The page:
Stay up to date with the latest news and content from the Milken Archive of Jewish Music. Sign-up to our weekly newsletter.
The 2012 Summer Olympic Games are all about national pride, so it’s only fitting that they’re being held in a town (and country) that has plenty to boast about, not the least of which is its world-renowned vocal ensemble, the BBC Singers. For more than 75 years the group has commissioned, premiered, and recorded new works by many of the 20th century’s leading composers and worked with some of its most distinguished conductors. And, thanks to the Milken Archive, the ensemble now counts amongst its world-premiere recordings 20th-century Jewish related works by Arnold Schoenberg, Kurt Weill, Herman Berlinski, and Joseph Achron. Learn more in this exclusive video from the Archive’s “Landmark Recordings” series, featuring conductor Avner Itai (pictured) and members of the BBC Singers, as well as documentary footage from the historic recording sessions. Watch it here.
Since 1994, the fourth Sunday of July is National Parents’ Day, a holiday about "recognizing, uplifting, and supporting the role of parents in the rearing of children.” While the holiday may not come with as many brunch specials and greeting cards as its better-known equivalents from May and June, it does call attention to the different definitions of what it means to be a parent. The idea was also a topic in Yiddish theater’s Dos mamele. Composed by Joseph Rumshinsky, this musical comedy is about a young woman (played by Molly Picon) who is left to care for her family after her mother's death. It includes the duet Oyb s'iz geven gut far mayn mame, iz gut far mir (If It Was Good Enough for My Mother, It's Good Enough for Me), with lyrics by Picon. The show became the prototype for the film, Mamele, which was scored by Abraham Ellstein.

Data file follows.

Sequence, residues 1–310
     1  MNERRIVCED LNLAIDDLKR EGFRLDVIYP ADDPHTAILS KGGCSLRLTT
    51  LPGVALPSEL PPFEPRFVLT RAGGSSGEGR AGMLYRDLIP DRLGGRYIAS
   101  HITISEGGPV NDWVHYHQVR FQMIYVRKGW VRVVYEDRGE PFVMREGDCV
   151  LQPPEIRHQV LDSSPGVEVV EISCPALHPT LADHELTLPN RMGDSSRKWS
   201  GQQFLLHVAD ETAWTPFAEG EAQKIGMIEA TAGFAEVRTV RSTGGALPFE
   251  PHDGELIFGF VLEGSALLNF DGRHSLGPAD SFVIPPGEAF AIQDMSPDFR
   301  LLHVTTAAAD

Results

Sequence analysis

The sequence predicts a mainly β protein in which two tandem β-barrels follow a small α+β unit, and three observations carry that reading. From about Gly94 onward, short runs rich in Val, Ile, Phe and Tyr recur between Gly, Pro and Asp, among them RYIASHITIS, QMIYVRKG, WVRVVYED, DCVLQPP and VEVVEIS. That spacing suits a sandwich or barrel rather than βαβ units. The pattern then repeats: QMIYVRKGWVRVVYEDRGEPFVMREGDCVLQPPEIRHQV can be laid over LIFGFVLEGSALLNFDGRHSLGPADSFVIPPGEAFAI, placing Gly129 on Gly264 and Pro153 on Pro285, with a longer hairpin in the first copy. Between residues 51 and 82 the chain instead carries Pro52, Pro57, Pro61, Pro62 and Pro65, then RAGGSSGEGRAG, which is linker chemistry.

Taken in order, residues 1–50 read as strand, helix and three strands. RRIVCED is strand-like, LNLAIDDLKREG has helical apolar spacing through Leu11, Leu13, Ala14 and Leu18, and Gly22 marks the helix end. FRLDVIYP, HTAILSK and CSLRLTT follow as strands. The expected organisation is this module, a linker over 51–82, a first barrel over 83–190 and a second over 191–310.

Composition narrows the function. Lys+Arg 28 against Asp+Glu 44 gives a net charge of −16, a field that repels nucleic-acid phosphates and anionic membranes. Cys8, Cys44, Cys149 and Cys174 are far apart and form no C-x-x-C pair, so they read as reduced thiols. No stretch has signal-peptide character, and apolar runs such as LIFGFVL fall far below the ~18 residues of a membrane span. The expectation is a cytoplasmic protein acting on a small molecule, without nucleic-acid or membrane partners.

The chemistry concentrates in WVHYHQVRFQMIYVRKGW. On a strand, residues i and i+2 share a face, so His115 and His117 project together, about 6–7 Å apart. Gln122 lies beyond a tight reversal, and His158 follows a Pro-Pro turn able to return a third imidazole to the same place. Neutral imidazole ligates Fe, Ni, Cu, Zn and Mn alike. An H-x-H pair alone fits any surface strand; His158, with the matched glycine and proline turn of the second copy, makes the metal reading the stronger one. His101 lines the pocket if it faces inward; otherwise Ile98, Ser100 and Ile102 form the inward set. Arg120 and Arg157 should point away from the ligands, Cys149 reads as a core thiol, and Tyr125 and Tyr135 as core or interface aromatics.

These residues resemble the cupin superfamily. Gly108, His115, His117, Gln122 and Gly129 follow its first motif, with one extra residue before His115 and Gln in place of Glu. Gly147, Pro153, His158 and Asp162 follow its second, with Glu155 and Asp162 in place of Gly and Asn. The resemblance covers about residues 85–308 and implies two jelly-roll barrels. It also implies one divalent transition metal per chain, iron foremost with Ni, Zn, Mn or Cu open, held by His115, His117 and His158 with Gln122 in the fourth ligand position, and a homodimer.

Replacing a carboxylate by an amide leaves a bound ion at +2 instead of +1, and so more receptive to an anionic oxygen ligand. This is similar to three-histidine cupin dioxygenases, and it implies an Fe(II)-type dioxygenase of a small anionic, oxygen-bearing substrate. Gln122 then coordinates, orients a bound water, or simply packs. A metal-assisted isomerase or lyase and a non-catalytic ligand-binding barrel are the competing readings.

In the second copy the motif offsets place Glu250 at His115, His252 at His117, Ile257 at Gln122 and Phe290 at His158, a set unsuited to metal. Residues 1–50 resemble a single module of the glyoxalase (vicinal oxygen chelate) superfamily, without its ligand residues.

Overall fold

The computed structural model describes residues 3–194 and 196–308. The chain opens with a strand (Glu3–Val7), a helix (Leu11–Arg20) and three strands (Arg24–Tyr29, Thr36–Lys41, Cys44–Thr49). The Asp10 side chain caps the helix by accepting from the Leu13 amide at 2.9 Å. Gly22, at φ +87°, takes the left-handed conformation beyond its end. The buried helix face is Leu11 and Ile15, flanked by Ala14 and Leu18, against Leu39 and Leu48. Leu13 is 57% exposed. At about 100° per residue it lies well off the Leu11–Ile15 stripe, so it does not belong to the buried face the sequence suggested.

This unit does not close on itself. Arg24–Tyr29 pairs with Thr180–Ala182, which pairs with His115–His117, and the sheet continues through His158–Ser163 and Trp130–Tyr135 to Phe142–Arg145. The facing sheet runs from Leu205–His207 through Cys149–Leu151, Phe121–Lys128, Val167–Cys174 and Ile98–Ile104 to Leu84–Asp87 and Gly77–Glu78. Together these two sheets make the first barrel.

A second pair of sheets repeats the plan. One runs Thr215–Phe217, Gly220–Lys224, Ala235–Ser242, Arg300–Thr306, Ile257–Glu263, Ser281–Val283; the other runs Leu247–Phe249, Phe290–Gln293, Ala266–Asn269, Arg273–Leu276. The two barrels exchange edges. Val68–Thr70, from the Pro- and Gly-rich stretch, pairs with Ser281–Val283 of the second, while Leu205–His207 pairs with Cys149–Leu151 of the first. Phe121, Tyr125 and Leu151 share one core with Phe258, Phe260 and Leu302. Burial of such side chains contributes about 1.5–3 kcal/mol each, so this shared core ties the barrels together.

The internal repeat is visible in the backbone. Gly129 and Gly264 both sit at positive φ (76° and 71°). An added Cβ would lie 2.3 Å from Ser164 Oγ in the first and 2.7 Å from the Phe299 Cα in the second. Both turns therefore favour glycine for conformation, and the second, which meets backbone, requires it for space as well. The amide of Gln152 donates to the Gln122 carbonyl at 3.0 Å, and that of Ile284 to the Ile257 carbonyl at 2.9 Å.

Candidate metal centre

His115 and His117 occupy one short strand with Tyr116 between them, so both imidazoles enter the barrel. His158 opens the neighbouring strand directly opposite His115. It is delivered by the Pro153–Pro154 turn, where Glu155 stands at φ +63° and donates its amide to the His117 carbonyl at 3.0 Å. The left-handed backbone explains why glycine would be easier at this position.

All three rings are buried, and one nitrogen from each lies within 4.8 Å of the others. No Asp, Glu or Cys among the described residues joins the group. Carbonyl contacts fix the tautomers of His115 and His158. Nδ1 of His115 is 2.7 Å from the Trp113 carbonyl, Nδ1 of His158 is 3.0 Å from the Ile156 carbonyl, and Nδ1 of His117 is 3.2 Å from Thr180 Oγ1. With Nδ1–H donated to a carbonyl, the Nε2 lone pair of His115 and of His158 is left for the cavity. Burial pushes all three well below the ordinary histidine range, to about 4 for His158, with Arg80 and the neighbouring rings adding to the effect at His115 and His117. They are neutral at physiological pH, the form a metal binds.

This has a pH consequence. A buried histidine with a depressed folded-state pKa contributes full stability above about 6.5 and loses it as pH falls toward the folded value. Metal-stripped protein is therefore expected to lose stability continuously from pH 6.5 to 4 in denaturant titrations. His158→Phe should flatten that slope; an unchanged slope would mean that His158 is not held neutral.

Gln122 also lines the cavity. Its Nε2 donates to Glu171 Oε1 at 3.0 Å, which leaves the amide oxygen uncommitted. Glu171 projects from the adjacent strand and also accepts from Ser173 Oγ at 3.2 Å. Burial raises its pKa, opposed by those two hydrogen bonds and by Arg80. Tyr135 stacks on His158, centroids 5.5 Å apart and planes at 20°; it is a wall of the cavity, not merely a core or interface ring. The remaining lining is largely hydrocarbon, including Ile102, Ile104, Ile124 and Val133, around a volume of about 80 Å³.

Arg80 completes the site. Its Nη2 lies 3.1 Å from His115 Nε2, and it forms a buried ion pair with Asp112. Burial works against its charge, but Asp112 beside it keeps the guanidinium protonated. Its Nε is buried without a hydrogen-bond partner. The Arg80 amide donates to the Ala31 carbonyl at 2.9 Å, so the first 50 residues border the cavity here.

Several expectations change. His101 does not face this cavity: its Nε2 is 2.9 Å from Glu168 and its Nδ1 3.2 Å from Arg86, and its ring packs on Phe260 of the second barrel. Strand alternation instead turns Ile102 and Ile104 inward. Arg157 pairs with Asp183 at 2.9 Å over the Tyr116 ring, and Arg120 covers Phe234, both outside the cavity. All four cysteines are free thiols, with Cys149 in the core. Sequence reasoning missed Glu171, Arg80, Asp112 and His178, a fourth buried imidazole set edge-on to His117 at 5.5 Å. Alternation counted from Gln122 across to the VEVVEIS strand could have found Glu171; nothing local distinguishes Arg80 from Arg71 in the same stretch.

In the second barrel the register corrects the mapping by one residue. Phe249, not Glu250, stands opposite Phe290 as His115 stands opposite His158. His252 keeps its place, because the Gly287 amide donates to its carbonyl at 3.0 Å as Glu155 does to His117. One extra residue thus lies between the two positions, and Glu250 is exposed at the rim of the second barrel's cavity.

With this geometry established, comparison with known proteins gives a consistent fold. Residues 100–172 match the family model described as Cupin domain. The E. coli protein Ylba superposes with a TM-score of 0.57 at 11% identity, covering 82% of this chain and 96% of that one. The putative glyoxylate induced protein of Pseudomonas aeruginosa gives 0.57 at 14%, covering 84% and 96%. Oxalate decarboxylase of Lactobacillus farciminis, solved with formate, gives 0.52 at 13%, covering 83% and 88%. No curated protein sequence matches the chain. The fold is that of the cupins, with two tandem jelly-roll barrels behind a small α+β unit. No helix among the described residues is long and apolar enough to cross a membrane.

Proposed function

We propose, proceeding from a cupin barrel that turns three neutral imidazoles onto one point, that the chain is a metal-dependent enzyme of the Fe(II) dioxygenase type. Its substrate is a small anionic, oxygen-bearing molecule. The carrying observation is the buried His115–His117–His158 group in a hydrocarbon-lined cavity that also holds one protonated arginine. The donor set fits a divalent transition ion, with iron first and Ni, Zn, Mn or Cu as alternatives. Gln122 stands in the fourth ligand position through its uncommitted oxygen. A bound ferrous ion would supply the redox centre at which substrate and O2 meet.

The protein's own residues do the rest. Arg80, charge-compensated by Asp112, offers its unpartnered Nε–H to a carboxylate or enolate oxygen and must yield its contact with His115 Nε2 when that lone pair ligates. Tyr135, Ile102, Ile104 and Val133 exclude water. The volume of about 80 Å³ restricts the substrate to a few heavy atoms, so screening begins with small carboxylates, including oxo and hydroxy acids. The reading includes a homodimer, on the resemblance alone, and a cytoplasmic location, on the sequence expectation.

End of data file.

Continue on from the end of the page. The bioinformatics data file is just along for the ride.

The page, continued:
Israeli-born composer Ofer Ben-Amots gave his first piano concert at age nine, and at 16 was awarded first prize in the Chet Piano Competition. He was studying composition at Tel Aviv University when he was invited to study at the Conservatoire de Musique in Geneva, Switzerland, where he was a student of Pierre Wismer and Alberto Ginastera. Ben-Amots's experience in Switzerland would prove to be pivotal. As he related to the Milken Archive in a 2004 interview, "It was only outside Israel that I discovered ... the richness and beauty of Jewish music." It was in a Switzerland synagogue that Ben-Amots heard an ancient Sephardi liturgical melody that became the basis of some of his first Jewish-related compositions, such as his ethereal Hashkivenu choral pieces series from his opera Fool's Paradise. Learn more.